That slow steering ratio, for instance; there’s no Mini-style hyperactive dive for every apex here, little of its reassuring weight, and it’s not as sharp off-centre either, so the first moments of entering any corner are based on trust rather than information.
Throw in the roads in this part of Wales – which are quite fast and open, with corners that don’t really give you a chance to build up to the car’s cornering limits – and the early miles border on frustrating. It’s enjoyable, sure, but a long way from feeling like one of the best front-drivers ever made. Either the legend is doing the car a disservice, or I’m not really getting under its skin.
On the plus side, the engine and transmission are a joy. The gearing is sensible for extracting the most from the tiny alloy 1.3 – top is a 1:1 ratio – and second, third and fourth handle the bulk of road driving, with the two lower gears on the same plane thanks to that dogleg shift pattern.
The little V4 hums quietly at idle, with just a small steamboat chuff from the exhaust, and in its 2000-3500rpm everyday sweet spot it simply feels like a particularly smooth inline four. From that point on though the V-engined character starts to emerge, the note becoming increasingly offbeat, accompanied by a harder tone from the twin carbs, and a more insistent parp from the exhaust as you pass around 4000rpm. Even with a self-imposed rev limit of just over 5000rpm – the red paint starts at 6250 – the engine really wakes up over this upper third, without ever losing its surprising smoothness.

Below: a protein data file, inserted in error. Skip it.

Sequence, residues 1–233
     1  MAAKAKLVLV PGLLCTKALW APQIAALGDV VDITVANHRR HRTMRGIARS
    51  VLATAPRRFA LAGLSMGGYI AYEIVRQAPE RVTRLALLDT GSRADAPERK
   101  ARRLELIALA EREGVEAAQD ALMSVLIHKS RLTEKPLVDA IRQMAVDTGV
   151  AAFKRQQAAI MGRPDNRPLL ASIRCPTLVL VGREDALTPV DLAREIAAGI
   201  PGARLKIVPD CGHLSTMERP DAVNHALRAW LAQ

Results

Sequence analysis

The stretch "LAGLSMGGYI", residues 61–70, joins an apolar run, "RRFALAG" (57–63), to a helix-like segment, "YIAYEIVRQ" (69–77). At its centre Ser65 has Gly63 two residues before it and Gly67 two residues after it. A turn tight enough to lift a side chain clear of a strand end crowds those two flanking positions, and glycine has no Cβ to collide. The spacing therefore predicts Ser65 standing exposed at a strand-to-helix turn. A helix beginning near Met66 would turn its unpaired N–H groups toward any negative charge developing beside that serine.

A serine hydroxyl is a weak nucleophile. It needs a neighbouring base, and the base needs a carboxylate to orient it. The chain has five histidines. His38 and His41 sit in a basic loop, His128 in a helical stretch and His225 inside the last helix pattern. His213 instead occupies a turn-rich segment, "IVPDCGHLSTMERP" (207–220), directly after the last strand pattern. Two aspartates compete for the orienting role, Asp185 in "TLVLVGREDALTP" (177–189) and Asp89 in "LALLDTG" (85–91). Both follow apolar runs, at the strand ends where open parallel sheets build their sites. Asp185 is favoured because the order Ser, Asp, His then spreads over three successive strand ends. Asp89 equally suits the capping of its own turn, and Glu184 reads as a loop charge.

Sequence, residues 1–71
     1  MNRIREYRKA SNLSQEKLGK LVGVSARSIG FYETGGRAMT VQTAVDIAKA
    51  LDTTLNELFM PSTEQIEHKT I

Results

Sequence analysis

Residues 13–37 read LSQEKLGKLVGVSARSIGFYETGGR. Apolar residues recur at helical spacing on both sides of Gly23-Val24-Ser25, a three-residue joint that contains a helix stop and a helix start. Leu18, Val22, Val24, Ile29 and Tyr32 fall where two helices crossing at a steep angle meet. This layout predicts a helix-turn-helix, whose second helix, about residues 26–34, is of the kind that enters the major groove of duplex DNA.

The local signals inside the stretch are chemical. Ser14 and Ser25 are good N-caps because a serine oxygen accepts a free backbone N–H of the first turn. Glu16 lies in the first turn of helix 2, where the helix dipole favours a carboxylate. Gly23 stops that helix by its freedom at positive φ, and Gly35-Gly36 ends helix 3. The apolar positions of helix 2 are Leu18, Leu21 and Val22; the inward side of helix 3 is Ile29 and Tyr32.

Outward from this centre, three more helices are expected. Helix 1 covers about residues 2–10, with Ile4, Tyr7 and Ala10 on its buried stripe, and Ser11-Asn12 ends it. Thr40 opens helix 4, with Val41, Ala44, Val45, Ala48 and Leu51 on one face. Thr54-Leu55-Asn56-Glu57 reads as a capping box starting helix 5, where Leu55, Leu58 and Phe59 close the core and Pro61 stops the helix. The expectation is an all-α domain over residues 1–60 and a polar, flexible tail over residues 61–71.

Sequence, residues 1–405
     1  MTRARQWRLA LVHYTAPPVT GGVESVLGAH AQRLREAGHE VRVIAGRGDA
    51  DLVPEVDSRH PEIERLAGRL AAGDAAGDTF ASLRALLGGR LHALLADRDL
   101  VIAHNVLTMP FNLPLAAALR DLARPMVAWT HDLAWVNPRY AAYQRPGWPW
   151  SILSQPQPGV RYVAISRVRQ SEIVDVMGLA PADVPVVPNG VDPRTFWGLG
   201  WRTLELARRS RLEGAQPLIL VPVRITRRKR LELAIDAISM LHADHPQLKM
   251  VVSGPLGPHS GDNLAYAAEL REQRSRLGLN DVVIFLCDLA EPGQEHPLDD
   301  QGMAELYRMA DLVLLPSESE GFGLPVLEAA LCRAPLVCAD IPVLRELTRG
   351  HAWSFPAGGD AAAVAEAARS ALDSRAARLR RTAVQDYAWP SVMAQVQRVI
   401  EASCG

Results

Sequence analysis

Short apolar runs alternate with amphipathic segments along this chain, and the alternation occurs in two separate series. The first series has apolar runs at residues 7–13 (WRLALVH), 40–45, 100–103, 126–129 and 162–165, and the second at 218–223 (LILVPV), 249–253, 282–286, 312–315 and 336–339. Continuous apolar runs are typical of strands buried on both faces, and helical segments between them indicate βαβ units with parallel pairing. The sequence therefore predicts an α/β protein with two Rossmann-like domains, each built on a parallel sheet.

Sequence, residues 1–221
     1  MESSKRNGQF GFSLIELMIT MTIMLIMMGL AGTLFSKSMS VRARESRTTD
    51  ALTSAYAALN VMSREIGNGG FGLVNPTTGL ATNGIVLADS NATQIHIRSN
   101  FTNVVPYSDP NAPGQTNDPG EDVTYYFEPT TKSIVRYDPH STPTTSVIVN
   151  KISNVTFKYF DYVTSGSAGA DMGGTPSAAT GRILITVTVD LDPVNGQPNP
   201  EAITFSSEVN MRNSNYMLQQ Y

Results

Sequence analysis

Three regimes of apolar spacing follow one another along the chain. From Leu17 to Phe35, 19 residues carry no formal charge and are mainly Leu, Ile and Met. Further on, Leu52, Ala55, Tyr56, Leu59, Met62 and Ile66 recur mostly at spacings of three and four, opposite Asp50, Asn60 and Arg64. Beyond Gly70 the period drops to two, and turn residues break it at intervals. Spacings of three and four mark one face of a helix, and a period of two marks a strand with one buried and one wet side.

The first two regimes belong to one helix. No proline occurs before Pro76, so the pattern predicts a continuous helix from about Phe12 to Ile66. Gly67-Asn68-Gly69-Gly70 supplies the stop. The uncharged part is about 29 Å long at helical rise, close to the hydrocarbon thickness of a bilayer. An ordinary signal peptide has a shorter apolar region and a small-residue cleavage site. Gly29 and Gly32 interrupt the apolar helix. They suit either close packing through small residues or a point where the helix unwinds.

Guiding the precise gearshift feels more akin to a contemporary rear-driver than something sending its power to the front wheels. It’s possibly even better on the way down, where you get to interact not just with the ‘box snicking neatly into each ratio but also that firm brake pedal, and the perfect spacing to the floor-hinged throttle for quick, snorty downshift blips.
And just as I feel like I’m getting the most from the V4, the handling suddenly clicks too. Roads slightly dusty from winter salt have given our photography corner a little less grip than it might otherwise offer, while subsidence has given it some camber to work against. Through here the nose does wash out slightly on the polished surface, but while it still doesn’t impart the kind of feedback to put it among the great steering racks, there’s now enough information and precision to know what the tyres are doing – and enough load through the chassis to feel the rear tyres sharing the cornering efforts.